The WikiLeaks’ “exploit” is thus more effective than it would be were it less well integrated with the mass media’s networked forms of power. Indeed, WikiLeaks is not itself rhizomatic. It is organized, and with a carefully planned interventionist strategy. It has a figurehead who has acted as a focal point for the media while the real work of undermining state control of information carries on. With the complicity of newsrooms, WikiLeaks intervenes in the power structures behind international news.

The exploit, if this is what it is, disrupts the existing logic of networked control and allows the swarm to intervene in the protocols underpinning news production. This is precisely why it has been so effective.  It is a hack – in the non-technical sense.  It uses the rules of journalism to break journalism.

As I’ve been thinking about this more, I am more taken by how the exploit, or hack, (yes, the noise in the system) has disrupted several things in several different ways.  It’s disrupted the pretense of secrecy around government information.  It’s exploited the same network of influence that is normally responsible for filtering government scandals and transforming them into headlines.  And the DDoS attacks by Anonymous,  whether pointless or amplificatory or dramatic also exploited protocol systems established to govern the web.  So there is an exploit within the technical governance level as well as an exploit within the media system. Of course, WikiLeaks’ own resilience through its web presence  is also the result of an exploitation of the network, and of the reproducibility of digital content.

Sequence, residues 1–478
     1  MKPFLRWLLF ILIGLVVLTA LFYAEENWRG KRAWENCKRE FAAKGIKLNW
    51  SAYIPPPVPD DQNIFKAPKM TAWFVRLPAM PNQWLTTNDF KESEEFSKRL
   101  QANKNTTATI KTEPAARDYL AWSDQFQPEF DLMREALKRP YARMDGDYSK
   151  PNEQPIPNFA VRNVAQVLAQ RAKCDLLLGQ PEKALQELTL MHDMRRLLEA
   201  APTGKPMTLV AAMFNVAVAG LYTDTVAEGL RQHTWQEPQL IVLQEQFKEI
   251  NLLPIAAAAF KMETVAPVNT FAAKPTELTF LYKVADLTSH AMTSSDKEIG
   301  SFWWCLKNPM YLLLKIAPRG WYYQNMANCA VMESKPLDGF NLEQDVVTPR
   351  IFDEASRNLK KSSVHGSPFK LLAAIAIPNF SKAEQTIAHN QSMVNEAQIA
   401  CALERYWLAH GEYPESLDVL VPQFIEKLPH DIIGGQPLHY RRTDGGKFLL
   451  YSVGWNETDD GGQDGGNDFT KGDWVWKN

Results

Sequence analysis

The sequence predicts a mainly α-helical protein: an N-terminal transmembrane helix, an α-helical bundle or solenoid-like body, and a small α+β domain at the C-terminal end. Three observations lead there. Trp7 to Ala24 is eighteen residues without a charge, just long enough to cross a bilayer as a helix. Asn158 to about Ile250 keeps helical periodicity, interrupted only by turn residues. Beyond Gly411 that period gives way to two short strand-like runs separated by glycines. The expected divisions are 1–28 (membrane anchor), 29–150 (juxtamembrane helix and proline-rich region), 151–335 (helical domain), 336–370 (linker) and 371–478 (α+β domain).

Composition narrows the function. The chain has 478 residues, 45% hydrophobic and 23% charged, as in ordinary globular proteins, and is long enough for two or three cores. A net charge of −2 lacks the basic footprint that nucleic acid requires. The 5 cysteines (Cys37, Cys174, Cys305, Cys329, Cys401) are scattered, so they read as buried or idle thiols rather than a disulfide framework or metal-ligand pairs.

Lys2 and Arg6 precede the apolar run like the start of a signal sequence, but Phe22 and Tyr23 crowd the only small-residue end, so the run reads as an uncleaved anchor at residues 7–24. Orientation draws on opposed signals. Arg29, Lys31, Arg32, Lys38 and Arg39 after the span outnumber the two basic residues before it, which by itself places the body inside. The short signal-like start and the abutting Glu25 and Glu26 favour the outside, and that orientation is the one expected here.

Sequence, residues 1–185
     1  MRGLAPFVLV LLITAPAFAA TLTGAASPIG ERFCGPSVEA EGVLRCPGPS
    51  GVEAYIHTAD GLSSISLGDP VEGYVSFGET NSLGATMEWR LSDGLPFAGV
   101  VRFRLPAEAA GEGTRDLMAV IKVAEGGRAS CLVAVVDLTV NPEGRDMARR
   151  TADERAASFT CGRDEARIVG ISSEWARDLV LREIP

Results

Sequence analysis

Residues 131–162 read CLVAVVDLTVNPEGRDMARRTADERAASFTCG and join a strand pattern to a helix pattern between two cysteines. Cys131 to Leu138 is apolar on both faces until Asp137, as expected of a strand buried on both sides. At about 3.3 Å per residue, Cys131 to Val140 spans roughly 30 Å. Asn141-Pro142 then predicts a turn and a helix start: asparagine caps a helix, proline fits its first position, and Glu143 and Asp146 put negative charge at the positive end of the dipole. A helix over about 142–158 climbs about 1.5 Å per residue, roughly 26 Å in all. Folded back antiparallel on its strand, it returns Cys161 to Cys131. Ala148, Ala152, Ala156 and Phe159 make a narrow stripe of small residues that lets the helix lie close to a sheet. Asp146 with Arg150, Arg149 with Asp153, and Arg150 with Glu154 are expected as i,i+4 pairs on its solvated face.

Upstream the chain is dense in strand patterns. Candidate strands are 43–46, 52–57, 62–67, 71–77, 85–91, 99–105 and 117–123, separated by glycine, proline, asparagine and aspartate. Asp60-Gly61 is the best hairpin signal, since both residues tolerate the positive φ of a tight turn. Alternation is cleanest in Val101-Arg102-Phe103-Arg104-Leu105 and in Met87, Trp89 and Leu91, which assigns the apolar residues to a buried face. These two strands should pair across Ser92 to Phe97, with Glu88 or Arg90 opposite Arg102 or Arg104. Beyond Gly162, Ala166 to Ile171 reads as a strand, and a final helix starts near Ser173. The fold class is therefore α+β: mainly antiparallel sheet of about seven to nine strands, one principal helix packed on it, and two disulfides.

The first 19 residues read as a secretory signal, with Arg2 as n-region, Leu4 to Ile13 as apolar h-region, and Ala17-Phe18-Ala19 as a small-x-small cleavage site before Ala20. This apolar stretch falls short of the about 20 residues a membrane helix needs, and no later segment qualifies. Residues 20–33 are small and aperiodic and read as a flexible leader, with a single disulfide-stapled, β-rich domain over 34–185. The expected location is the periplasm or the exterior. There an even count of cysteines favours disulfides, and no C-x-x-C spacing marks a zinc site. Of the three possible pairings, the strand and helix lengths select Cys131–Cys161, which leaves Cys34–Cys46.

When constructing the WikiLeaks case, then, it’s tempting to come up with a way of accounting for the different kinds of interventions made in technical, policy, media, and governmental networks.  Despite the fact that I’ve used this post to think through how to use the “exploit” to do this, I’m not convinced it’s the only way.  Using Milton Mueller’s 2010 Networks and States might be a way of framing the aspects of the case focused on governance by technology – but Mueller has little understanding of journalism and so wouldn’t be able to comment on the shift in power relations in that area.  So far, most commentators in this area have focused primarily on one aspect of WikiLeaks, often from one philosophical perspective.  I’m wondering if it might be more fruitful to think of WikiLeaks as a kind of prism for thinking through how (or if) exploits take place in similar ways across different kinds of networks.  We may find that the case is less significant than we thought.